Plane crash shines light on safety issues againThe crash of Tara Air Flight 193 on Wednesday has again spotlighted Nepal’s poor air safety record. The Canadian-made Twin Otter aircraft slammed into the Himalayan foothills on a flight from Pokhara to Jomsom killing all 23 aboard.
The crash of Tara Air Flight 193 on Wednesday has again spotlighted Nepal’s poor air safety record. The Canadian-made Twin Otter aircraft slammed into the Himalayan foothills on a flight from Pokhara to Jomsom killing all 23 aboard.
In 2013, Nepali airlines had been put in the bad books of the International Civil Aviation Organization (Icao) and the European Commission (EC) as being unsafe to fly. After the latest incident, getting the significant safety concern (SSC) tag given to Nepal removed will be even more difficult.
The Civil Aviation Authority of Nepal (Caan) had said last December that it expected Icao to remove the SSC tag by July 2016 as most of the safety problems it had raised had been dealt with.
Caan is optimistic that after the global aviation watchdog cancels the SSC, the European Commission (EC) will take Nepal out of its list of airlines banned from flying in Europe by December 2016.
Nepal was red-flagged on “operations”, among the eight critical elements of safety oversight, due to the large number of aircraft accidents and incidents between 2009 and 2012, with at least two passenger aircraft crashing annually.
On December 5, 2013, the EC had put Nepal on its air safety list, banning all carriers certified in Nepal from flying into the EU because of significant safety deficiencies requiring decisive action. International airlines and travellers hesitate to travel to a country whose air safety has been questioned by Icao and the EC.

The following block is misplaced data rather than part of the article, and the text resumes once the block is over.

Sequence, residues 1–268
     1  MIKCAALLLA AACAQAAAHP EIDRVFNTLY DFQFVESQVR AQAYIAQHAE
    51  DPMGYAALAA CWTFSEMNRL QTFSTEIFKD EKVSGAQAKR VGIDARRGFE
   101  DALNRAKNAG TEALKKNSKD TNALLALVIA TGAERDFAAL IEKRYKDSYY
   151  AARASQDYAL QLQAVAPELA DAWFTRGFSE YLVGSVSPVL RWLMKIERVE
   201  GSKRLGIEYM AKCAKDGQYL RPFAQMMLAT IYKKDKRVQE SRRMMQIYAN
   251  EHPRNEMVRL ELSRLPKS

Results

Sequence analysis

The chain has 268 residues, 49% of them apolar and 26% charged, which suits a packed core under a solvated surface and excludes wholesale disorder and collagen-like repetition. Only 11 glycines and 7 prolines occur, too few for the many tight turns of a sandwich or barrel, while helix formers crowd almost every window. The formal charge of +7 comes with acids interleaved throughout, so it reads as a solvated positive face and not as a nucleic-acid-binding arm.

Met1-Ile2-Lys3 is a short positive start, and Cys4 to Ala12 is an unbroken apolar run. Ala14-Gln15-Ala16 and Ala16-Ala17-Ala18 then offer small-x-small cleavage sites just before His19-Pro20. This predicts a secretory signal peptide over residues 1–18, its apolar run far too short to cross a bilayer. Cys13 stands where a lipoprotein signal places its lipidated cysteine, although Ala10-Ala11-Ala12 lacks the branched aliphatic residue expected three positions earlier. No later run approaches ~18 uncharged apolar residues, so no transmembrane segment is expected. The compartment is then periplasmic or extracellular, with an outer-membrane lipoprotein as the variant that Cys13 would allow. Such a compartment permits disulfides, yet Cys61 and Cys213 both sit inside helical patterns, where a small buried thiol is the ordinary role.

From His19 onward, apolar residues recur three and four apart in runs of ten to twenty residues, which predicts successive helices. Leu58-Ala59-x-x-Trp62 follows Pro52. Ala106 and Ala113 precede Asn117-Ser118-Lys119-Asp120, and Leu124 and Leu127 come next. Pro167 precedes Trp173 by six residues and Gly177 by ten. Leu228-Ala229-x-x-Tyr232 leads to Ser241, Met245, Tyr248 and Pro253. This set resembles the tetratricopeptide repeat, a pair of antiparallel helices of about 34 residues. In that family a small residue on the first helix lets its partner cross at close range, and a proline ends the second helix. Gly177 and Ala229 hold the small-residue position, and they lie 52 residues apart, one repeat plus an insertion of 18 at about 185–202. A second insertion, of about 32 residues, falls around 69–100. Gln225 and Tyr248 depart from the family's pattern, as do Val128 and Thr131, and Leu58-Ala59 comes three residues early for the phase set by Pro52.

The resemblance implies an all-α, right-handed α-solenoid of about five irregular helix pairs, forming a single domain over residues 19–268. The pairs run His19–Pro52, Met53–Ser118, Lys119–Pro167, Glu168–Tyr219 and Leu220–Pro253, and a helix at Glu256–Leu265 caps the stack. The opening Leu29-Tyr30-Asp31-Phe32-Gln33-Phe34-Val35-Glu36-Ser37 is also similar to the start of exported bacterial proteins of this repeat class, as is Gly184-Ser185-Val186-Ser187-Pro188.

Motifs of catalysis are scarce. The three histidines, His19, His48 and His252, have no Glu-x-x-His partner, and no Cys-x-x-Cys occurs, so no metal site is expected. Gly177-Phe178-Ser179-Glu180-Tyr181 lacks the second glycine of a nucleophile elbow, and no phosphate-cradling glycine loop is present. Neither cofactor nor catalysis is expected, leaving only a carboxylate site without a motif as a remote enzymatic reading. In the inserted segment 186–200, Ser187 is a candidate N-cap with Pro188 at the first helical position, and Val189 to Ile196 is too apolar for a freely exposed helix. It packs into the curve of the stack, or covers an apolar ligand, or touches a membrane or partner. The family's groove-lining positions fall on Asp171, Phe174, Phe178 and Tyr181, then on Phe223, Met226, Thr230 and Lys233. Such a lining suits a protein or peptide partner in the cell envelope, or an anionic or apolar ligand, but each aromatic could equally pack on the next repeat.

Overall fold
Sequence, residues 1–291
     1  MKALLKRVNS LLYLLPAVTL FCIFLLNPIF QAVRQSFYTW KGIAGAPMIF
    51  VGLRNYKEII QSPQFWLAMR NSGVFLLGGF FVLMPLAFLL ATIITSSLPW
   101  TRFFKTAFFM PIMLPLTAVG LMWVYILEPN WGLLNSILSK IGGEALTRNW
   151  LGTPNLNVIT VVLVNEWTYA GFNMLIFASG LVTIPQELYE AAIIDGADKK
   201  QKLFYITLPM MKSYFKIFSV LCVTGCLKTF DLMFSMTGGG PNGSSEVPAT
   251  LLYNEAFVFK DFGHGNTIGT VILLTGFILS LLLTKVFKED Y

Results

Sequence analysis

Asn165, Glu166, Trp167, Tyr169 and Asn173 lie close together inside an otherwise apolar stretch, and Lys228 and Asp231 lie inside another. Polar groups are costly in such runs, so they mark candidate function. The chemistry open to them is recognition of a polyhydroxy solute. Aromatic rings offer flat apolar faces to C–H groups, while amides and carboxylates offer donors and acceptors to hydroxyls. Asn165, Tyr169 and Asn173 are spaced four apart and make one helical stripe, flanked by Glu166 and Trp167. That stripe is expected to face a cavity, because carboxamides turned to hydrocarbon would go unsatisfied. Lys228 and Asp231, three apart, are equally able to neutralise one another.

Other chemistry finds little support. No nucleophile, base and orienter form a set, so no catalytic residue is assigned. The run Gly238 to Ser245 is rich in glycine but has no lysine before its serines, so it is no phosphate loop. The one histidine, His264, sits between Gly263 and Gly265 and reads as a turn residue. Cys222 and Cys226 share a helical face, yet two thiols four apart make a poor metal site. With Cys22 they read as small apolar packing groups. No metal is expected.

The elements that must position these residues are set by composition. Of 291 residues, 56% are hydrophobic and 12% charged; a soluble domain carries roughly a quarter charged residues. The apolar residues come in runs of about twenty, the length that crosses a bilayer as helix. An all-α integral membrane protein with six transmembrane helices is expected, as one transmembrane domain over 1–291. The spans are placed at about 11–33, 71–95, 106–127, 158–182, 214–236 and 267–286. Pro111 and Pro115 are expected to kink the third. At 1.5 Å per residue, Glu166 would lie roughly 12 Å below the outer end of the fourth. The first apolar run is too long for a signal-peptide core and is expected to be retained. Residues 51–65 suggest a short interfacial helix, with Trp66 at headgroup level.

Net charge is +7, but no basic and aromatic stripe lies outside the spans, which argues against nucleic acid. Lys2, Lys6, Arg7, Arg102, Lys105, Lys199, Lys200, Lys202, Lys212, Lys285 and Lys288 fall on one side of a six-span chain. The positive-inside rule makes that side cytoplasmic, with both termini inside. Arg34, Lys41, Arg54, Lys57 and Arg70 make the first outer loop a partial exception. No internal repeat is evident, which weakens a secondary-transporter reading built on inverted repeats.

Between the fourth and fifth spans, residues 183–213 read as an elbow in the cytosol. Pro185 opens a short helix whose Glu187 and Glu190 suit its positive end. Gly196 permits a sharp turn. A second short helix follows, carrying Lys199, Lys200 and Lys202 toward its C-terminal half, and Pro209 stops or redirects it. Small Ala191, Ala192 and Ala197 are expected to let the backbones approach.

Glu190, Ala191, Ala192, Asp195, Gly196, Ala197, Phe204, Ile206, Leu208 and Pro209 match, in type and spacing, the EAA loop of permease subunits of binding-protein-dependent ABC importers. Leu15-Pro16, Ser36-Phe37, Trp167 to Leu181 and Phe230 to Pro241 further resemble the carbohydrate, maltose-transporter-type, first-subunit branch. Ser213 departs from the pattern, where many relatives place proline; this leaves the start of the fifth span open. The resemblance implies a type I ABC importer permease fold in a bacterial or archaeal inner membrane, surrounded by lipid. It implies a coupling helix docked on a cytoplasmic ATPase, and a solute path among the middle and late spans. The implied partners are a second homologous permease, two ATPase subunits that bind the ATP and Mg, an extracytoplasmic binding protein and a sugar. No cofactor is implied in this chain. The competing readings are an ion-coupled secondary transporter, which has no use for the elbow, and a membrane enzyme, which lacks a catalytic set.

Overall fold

Wednesday’s disaster was the first in nearly two years after Nepali aviation’s long track record of mishaps.
“Obviously, the situation has become difficult. Despite Tara Air’s improvements in terms of safety over the past years, Wednesday’s disaster was unfortunate,” said Sanjiv Gautam, director general of Caan.
“The SSC is directly related to Nepal’s certification process for the issuance of air operator certificates. But the disaster could have indirect repercussions on Nepal’s efforts to get the SSC tag removed.”
Issues of accountability and a general lack of safety culture are routinely cited by experts as the major factors behind the poor performance of airlines.
“It’s unfortunate that one of the most advanced planes has crashed in Nepal,” said aviation expert Kumar Chalise. “Technology is power to enhance safety, but in the wrong hands it has the potential to wreak havoc.”
Although an investigation committee has been formed to ascertain the reason behind the crash, preliminary reports indicate that the pilot made a wrong decision to enter thick clouds.
Chalise said that the aircraft’s operation and safety during the flight is ultimately the pilot’s responsibility, but in many cases they exhibit over-confidence.
“The way the crash took place, it seems that the veteran pilot thought that his aircraft had cloud radar system and so went into the clouds; but it proved to be an unwise decision,” he said.
Experts said that the crash was likely to have far-reaching consequences. They said that a fall in passenger confidence in airline safety would likely lead to an initial reduction in demand.
Domestic carriers in Nepal play a huge role in supporting tourism development; however, their poor air safety record could dampen growth prospects.
The Nepal Association of Tour and Travel Agents on Thursday said that Wednesday’s crash could hurt the country’s tourism industry which is already struggling with multiple problems. It has asked the government and Caan to develop a firm policy to ensure the safety of travellers and prevent such accidents in the future.
Foreign carriers connecting Nepal have been recording a healthy growth in passenger traffic since 2003, while domestic air passenger movement has continued to shrink for three straight years.